 Osteoporosis.
 tethered
spinal cord after surgery .
 Treatment
 Management
Prenatal screening
Triple Screen( alpha fetoprotein ,hcg ,esraiol )
complex and life long
Spine Xrays and/or spinal ultrasound
 Failure
of development of most of the
cranium and brain.
 Infants
are born without the main part of
the forebrain-the largest part of the
 The
fetus usually blind, deaf and unconscious .
partially destroyed brain, deformed
forehead, and large ears and eyes with often
relatively normal lower facial structures.
 Both
genetic and environmental insults
appear to be responsible for this outcome.
The defect normally occurs after neural fold
development at day 16 of gestation but
before closure of the anterior neuropore at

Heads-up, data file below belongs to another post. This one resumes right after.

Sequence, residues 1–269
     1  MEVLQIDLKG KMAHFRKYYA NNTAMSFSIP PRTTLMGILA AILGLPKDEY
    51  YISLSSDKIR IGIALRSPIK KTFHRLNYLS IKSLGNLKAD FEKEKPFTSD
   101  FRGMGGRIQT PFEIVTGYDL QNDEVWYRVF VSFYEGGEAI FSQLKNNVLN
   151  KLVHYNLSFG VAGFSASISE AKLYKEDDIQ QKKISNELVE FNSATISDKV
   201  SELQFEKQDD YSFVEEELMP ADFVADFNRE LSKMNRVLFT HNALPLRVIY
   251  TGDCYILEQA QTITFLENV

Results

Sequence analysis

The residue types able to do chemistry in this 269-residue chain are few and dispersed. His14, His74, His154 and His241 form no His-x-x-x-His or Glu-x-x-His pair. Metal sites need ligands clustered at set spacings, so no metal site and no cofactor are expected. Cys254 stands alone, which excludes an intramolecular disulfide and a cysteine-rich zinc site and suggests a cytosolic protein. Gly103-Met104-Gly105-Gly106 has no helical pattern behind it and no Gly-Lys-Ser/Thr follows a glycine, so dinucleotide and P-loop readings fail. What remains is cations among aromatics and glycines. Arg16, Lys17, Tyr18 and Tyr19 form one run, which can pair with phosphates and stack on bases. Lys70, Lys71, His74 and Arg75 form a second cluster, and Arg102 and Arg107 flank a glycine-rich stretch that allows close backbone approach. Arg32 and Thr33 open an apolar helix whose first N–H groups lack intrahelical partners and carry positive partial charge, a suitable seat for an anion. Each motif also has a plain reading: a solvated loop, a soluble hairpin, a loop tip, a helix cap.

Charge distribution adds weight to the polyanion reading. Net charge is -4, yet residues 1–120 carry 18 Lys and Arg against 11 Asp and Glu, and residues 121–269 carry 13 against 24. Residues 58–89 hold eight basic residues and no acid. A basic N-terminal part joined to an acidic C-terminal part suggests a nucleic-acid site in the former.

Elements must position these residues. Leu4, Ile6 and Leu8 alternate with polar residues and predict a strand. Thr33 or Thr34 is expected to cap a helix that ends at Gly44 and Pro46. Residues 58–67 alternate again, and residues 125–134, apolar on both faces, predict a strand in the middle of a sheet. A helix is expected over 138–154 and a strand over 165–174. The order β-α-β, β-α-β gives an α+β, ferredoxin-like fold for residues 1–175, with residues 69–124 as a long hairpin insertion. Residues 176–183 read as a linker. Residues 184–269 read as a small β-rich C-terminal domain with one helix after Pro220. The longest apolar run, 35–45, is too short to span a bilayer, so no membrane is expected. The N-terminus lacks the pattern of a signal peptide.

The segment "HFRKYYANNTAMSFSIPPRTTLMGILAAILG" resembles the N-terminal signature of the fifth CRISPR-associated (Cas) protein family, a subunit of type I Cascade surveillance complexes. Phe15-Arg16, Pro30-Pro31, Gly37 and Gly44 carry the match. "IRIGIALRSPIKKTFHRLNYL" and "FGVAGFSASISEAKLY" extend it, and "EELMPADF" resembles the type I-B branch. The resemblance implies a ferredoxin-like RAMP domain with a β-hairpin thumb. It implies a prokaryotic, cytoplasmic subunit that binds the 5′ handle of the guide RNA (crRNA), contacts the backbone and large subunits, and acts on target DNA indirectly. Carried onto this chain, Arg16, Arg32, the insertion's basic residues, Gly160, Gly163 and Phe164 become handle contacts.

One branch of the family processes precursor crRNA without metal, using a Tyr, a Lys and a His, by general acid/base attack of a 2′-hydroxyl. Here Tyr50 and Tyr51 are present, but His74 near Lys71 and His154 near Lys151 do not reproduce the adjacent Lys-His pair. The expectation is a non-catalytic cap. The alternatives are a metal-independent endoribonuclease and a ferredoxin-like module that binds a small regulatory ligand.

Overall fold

24-26 days' gestation.
 Anencephaly
is the most common major CNS
malformation in the Western world,
 no neonates survive. It is seen 37 times
more in females than in males.
The recurrence rate in families can be as
high as 35%.
 Symptoms
Mom- Polyhydramnios
Baby- absence of brain/skull
 Diagnosis
 Treatment
None, incompatible with life
 Management
Comfort Measures
Support Parents
Extrusion of brain
and meninges
through a midline
Skull defect .
Often associated
with cerebral
 Amniocentesis
AFP - indication of abnormal leakage
 Blood
Maternal blood samples of AFP
 Ultrasonography
For locating back lesion vs. cranial signs
C/C :
Bulging on the back or other deformity .
Onset(at birth).
Course( progressive or constant)
Associated symptoms .
Past medical hx :
Previous medical problems .
Previous hospitalization.
Previous surgery or shunt .